I had opted for a new tax regime for FY21-22 with my employer, and the tax was deducted accordingly. I was unable to file an RTI before the due date of July 31, 2022. Now I realize that I have to pay a lot of money because it is calculated under the old tax system. Is there a way to help me get out of this situation with less tax?
Answer: Under the new tax system you can benefit from lower tax brackets, but this does not allow many exemptions and deductions, whereas under the old tax system you have to pay taxes at higher slab rates high, but at the same time you can take advantage of various exemptions and deductions. A salaried person must inform his employer of the tax regime he wishes to opt for and the employer deducts the tax accordingly. The option of a special tax regime exercised with the employer is for the limited purposes of tax deduction. The final choice of the tax regime must be made when filing the ITR, which may even be different from that exercised with the employer.
A salaried person can choose between these two tax regimes each year, while the person with income under the heading “Business or professional profits and gains” cannot switch between the old and the new tax regime each year and must remain under the new tax regime only. Therefore, he has only one chance to revert to the old tax system and cannot choose the new tax system in the future. The option to opt between the old and the new tax system by an employee can only be exercised if the RTI is filed on time. If you don’t, you have no choice but to file the ITR only under the old regime and pay the tax accordingly.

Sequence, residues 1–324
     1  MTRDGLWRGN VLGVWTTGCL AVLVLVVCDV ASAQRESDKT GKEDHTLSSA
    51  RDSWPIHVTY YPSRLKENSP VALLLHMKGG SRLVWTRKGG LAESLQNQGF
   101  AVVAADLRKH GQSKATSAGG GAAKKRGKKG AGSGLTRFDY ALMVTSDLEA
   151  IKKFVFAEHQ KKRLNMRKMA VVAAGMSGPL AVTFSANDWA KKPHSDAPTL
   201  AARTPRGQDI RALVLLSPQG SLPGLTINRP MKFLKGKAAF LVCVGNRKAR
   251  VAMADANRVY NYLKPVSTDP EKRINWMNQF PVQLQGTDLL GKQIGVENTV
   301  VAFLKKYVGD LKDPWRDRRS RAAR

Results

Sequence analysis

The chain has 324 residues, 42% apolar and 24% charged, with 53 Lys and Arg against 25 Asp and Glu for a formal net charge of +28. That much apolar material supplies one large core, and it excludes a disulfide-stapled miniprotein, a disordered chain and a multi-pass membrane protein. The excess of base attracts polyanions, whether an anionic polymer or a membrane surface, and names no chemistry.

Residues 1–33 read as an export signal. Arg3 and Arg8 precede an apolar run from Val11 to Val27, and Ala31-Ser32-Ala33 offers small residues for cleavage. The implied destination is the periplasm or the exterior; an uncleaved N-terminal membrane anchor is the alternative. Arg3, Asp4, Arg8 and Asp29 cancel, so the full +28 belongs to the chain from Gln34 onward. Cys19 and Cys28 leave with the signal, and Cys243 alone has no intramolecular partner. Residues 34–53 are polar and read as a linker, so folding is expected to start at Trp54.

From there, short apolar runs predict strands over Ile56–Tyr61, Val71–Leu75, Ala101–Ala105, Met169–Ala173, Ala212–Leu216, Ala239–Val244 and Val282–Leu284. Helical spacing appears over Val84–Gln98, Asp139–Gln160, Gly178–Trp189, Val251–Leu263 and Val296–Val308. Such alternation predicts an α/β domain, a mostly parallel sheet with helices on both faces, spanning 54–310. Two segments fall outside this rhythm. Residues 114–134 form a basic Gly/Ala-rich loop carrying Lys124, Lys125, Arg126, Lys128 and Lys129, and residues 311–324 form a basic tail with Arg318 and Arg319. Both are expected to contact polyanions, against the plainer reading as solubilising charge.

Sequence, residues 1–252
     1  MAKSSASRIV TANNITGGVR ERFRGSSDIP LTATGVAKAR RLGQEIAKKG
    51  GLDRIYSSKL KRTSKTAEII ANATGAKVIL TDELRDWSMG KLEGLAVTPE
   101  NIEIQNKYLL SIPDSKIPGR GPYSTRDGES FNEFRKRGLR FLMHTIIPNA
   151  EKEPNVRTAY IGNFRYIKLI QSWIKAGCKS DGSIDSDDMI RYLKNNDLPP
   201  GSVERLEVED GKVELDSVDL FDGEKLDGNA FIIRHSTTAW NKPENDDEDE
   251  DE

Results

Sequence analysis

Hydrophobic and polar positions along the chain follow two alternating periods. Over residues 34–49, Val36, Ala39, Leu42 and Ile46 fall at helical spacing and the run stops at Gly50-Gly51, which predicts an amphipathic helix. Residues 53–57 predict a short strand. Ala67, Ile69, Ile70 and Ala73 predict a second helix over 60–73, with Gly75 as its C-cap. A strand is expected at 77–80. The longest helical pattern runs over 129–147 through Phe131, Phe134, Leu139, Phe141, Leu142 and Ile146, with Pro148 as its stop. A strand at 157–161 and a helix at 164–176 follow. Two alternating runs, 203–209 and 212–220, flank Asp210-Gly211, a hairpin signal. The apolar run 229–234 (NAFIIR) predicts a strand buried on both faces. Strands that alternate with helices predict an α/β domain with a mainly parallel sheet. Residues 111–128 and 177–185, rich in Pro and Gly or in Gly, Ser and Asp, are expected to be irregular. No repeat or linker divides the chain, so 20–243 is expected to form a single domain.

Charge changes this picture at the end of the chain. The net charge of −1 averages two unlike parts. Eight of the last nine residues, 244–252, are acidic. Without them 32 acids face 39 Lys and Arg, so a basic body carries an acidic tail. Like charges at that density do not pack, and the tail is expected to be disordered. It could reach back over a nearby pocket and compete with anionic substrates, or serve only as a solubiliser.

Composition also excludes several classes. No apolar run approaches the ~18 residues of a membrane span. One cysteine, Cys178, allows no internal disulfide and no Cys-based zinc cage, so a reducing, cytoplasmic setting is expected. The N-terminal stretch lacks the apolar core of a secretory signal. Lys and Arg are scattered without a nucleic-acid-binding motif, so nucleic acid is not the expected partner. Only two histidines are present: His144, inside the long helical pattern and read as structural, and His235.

I bought a condominium house with my brother and took out a mortgage with a bank. Bank manager says EMI should be paid through Electronic Clearance Service (ECS) from one bank account. An interest and principal repayment certificate will also be issued in common name. I transferred my share of EMI to my brother’s account, and all EMI will be paid through ECS from his bank account. In this situation, can we both benefit from a mortgage, and in what proportion?
Answer: The lenders issue a single certificate of payment of interest and reimbursement of the principal in the event of a solidarity mortgage, mentioning the names of all the co-borrowers because the bank would not know the respective shares of each co-borrower in the housing loan. Even if the bank issues a single certificate for a joint mortgage, individual co-borrowers can claim tax benefits up to their share in the mortgage. Please note that the respective share of the mortgage and the property crystallizes at the time of purchase; thus, your share in the home loan and the EMI cannot be changed later.
The bank will register a single ECS for a joint mortgage loan even if there are several joint borrowers. You have two options. You open a joint bank account solely for servicing the home loan and transfer your respective shares to this account. Alternatively, a borrower can pay the EMIs from his bank account, and the other co-borrowers transfer their respective shares in the EMIs to this bank account.
Since you have transferred your share to your brother’s bank account, you can benefit from the tax advantages without any problem. You will get the advantage in the ratio of your respective share in the home loan.